Emerging Markets ESG:  How would you define socially responsible investment (SRI)?

JonathanPorat-LubenskyJonathan Porat-Lubensky:  I always go back to my freshman year as an Economics student. We were taught about the rational individuals, the ’Homo Economicus’.  These are individuals that act in an attempt to maximize their own subjective utility, based on their own subjective preferences. These are market actors that use all available information and make decisions while considering all of the relevant, known, costs and benefits.

For the rational individual described above (or for someone who wishes to invest act more rationally), the utility of a financial product includes not only the yields from the investment. It includes other aspects that might be more difficult to identify, such as the costs created by financing corporate activity that might risk the individual’s health or damage the fabric of society or environment in a way that might create other costs – including increased taxes to fix the damages.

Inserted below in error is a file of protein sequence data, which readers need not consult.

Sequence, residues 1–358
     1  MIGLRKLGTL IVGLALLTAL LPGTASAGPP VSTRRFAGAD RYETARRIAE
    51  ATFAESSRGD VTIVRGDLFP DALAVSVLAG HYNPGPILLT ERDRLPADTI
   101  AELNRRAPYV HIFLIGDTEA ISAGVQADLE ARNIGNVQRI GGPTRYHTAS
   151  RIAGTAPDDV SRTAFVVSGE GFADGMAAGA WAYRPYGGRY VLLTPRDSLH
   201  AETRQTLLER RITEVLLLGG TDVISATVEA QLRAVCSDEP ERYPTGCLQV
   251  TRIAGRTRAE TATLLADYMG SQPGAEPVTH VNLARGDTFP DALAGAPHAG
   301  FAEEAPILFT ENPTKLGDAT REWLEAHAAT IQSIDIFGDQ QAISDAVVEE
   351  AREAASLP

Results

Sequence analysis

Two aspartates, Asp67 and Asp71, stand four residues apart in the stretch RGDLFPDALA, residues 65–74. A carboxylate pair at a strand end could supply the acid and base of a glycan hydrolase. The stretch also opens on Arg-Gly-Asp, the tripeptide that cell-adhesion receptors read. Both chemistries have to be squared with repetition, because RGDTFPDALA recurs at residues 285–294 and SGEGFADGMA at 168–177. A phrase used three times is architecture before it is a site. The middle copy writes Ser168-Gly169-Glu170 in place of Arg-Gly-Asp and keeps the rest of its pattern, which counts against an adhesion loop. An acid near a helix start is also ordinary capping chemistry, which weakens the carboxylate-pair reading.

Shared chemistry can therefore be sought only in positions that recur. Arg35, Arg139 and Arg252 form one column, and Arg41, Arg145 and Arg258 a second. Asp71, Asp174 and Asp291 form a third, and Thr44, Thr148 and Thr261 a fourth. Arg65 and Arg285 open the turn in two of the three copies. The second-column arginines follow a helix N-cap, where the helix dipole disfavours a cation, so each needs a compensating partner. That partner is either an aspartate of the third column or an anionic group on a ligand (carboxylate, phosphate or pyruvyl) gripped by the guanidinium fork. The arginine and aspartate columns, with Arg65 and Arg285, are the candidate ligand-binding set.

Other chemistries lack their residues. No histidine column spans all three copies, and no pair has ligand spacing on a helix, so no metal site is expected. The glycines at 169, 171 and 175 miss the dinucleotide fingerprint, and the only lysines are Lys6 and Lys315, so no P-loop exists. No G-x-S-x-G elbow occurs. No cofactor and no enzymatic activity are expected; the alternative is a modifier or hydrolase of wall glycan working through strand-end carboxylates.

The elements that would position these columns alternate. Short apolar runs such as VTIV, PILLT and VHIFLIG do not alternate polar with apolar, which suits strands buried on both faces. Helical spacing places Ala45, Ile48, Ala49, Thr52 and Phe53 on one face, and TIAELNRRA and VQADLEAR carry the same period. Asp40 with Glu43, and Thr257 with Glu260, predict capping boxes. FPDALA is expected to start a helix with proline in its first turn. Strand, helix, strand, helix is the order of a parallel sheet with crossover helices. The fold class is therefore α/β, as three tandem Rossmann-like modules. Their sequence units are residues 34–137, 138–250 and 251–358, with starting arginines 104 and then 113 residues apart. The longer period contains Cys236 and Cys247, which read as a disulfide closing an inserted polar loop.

So basically, I see Responsible Investment as Rational Investment.

Emerging Markets ESG:  What distinguishes SRI from mainstream investment? 

Jonathan Porat-Lubensky:  A lot has already been said about the great contribution of SRI analysis to risk assessments. However, I also see SRI as a direction for growth for mainstream investment. There are key factors that every financial institution should maintain, including professional reputation, personal treatment and an aspiration to provide clients with optimal returns. But strategically, it seems rather difficult to base one’s branding strategy on factors that everyone else has, or at least, should have. However, an element such as ethical values might be the foundation for prominent brand value.

A simple strategic decision such as “using the savings of clients to make a better world for them,” opens up a world of new segmentation possibilities, new products and new issues for communication and networking beyond plain reports on financial figures.